By January 9th, most people have already given up their New Years Resolutions. While you may rank resolutions for improving your finances or health high on your list of importance, chances are they’re not quite as high on your list of motivation. To set ourselves up for success, it’s crucial that we have a plan on how we will reach our goals. You may have heard about SMART goals, but if you really want to implement change, set SMARTER goals.
When it comes to my approach to personal finance, I can’t help but to apply what I know about motivation, behavior change, and other psychological constructs.
Previously, I wrote about how applying principles of ACT has helped me save money by making financial goals that are consistent with my personal values.
I also wrote about how many of the leading causes of death in the USA are related to lifestyle factors, which is one reason I became a Health Psychologist. Staying healthy can also have a tremendous impact on our finances. I mentioned some of the changes we can make that can save money and improve our health.
But please do not think that I am suggesting that behavior change is easy. It can be hard! But there are things we can do to improve our chances of making successful changes.
In today’s post, I give a glimpse how I apply techniques for setting goals and increasing motivation using an example from my own New Year’s Resolution.
We often know what we want our outcome to be, but it’s getting there that’s the hard part. This is why when psychologists are working with people to assist them with behavior change, we start with creating a treatment plan.
When creating a treatment plan, the overall goal (e.g., get out of debt, lose weight) is just one part of it. How do we achieve the goal? When will we know if the goal has been reached? More importantly, what do we do if we don’t achieve the goal?
Make it a SMARTER goal!
You may have heard of setting SMART goals:
Then to make it SMARTER
One of my goals this year is to get back into shape. What does that mean? How do I do this?
To make it a SMART goal, break it down to make it specific, measurable, and time-bound:
Specific: Go walking for 30 minutes a day 5 days per week during lunch.
Measurable: Bring my phone to keep track of the time. Record daily walks on calendar.
Achievable: I would love to workout at the gym for an hour a day, but given my schedule that’s not realistic at this time. Walking is something I will actually be able to do on a regular basis.
Relevant: My health is something high on my list of values. I love walking because it also provides me stress relief.
Time-bound: Starting in January and walking daily for at least 6 months.
The problem is, I’ve been off my regular routine lately. I actually haven’t exercised at all in weeks. Now my seemingly simple goal to walk just makes me feel like a failure. So do I give up my goal? No, I need a SMARTER goal.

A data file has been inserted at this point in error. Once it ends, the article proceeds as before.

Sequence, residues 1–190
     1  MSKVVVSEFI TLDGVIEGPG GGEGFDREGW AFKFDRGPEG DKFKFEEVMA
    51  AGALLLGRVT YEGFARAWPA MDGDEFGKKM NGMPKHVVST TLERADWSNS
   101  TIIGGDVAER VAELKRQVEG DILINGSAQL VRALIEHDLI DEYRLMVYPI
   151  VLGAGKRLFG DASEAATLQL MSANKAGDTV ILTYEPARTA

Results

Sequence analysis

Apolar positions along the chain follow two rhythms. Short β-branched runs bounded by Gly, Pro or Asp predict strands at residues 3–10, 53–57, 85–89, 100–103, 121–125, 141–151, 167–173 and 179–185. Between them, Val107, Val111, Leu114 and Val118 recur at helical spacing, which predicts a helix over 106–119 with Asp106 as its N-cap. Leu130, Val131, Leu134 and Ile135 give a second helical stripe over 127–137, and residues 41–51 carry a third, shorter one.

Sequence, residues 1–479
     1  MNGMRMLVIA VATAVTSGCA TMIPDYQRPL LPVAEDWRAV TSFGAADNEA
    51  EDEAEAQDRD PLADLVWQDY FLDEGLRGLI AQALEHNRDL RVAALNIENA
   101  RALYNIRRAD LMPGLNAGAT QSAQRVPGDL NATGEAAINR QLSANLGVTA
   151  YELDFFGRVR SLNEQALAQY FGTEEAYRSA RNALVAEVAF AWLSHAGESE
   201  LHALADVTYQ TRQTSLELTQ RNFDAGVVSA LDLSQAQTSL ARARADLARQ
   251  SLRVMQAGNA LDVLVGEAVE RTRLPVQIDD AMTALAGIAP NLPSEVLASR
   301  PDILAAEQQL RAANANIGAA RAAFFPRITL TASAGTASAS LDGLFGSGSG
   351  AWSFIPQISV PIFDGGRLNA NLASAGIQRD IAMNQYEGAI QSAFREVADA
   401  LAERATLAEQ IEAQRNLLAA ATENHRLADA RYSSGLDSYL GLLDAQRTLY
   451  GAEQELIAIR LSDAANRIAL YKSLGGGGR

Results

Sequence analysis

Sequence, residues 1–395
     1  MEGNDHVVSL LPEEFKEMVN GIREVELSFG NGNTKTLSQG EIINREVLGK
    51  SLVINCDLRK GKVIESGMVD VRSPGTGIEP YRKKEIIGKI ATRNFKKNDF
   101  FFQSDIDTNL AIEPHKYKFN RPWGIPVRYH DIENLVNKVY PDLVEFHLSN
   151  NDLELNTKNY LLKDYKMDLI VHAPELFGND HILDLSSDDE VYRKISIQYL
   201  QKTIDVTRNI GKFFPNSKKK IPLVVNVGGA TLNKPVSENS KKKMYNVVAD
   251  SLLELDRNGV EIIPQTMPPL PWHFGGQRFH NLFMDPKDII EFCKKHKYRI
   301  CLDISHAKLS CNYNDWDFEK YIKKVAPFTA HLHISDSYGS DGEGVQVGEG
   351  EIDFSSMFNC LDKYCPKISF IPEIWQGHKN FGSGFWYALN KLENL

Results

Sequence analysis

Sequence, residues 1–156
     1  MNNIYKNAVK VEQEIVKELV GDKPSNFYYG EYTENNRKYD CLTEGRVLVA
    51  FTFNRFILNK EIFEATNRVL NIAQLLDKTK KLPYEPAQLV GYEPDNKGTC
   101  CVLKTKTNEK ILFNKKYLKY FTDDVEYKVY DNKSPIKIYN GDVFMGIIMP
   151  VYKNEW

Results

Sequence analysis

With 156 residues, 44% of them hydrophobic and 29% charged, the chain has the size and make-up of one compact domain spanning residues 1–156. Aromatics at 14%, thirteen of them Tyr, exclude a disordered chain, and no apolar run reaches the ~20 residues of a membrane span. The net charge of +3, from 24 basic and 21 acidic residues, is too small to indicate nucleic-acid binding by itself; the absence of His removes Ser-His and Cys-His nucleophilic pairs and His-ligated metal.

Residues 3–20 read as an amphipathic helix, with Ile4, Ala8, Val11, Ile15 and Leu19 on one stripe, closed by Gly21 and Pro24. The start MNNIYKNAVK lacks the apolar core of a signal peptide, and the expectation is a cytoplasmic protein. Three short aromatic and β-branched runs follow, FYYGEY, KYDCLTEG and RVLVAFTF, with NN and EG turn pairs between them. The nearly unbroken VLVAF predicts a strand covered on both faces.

SMARTER goals take into account the importance of Evaluating and Readjusting.
Evaluating: After the first week, I look at my activity calendar and find that I have not been exercising everyday. I often have meetings on Tuesdays and Thursdays during lunch and do not get a break during those days.
Readjusting: Knowing that walking everyday during lunch is just not going to happen, I need to change my goal. My new goal will be to walk 30 minutes on any 5 days per week (aiming for Mon, Wed, Fri, Sat, and Sun).
Evaluating (again): After another week, I again look at my activity calendar and Readjust (again) if necessary.
Being SMARTER will provides me with a strategy to turn my resolution of getting back into shape into a clear yet modifiable goal.
Notice in the example above that I did not go on about all the reasons that I didn’t achieve my goal. I could have also told you about how cold it’s been or how busy I am or how I really need more socks before I can start walking everyday.
The reality is, there’s always a reason NOT to do something. But I am not going to focus on all the reasons I haven’t done something. That doesn’t help my motivation, it hurts it!
When evaluating and readjusting my goals, I try to catch myself with the “yeah, buts” and instead focus on the positive.
- What have I been doing well?
- e.g., I walked one day
- What is working for me?
- e.g., the day I did walk was a day without lunchtime meetings
- Which changes (or movement toward change) have I already made?
- e.g., I bought new socks and kept a pair of socks and sneakers at work
- What are the reasons I want to make the changes?
- e.g., I want to look and feel good. I also want to manage my health the best I can with diet and exercise. It also saves money on healthcare costs.
- Why is this personally important to me?
- e.g., I can’t fit into my pants! That’s a big deal during winter!
Behavior change is hard! There are entire courses and approaches to psychotherapy devoted to this very topic.
Whether it’s financial goals, health-behavior changes, or personal achievements, I’ve applied what I know about some of these psychological constructs to help me accomplish my goals in life:
- Set goals that are consistent with my values
- Make SMARTER goals by regularly evaluating and readjusting as needed
- Increase my motivation by not focusing on excuses but instead reminding myself of my reasons for wanting to make changes and any progress I have made so far.
If you’ll excuse me, it’s time for my walk.
What are some of your goals? How can you make them SMARTER?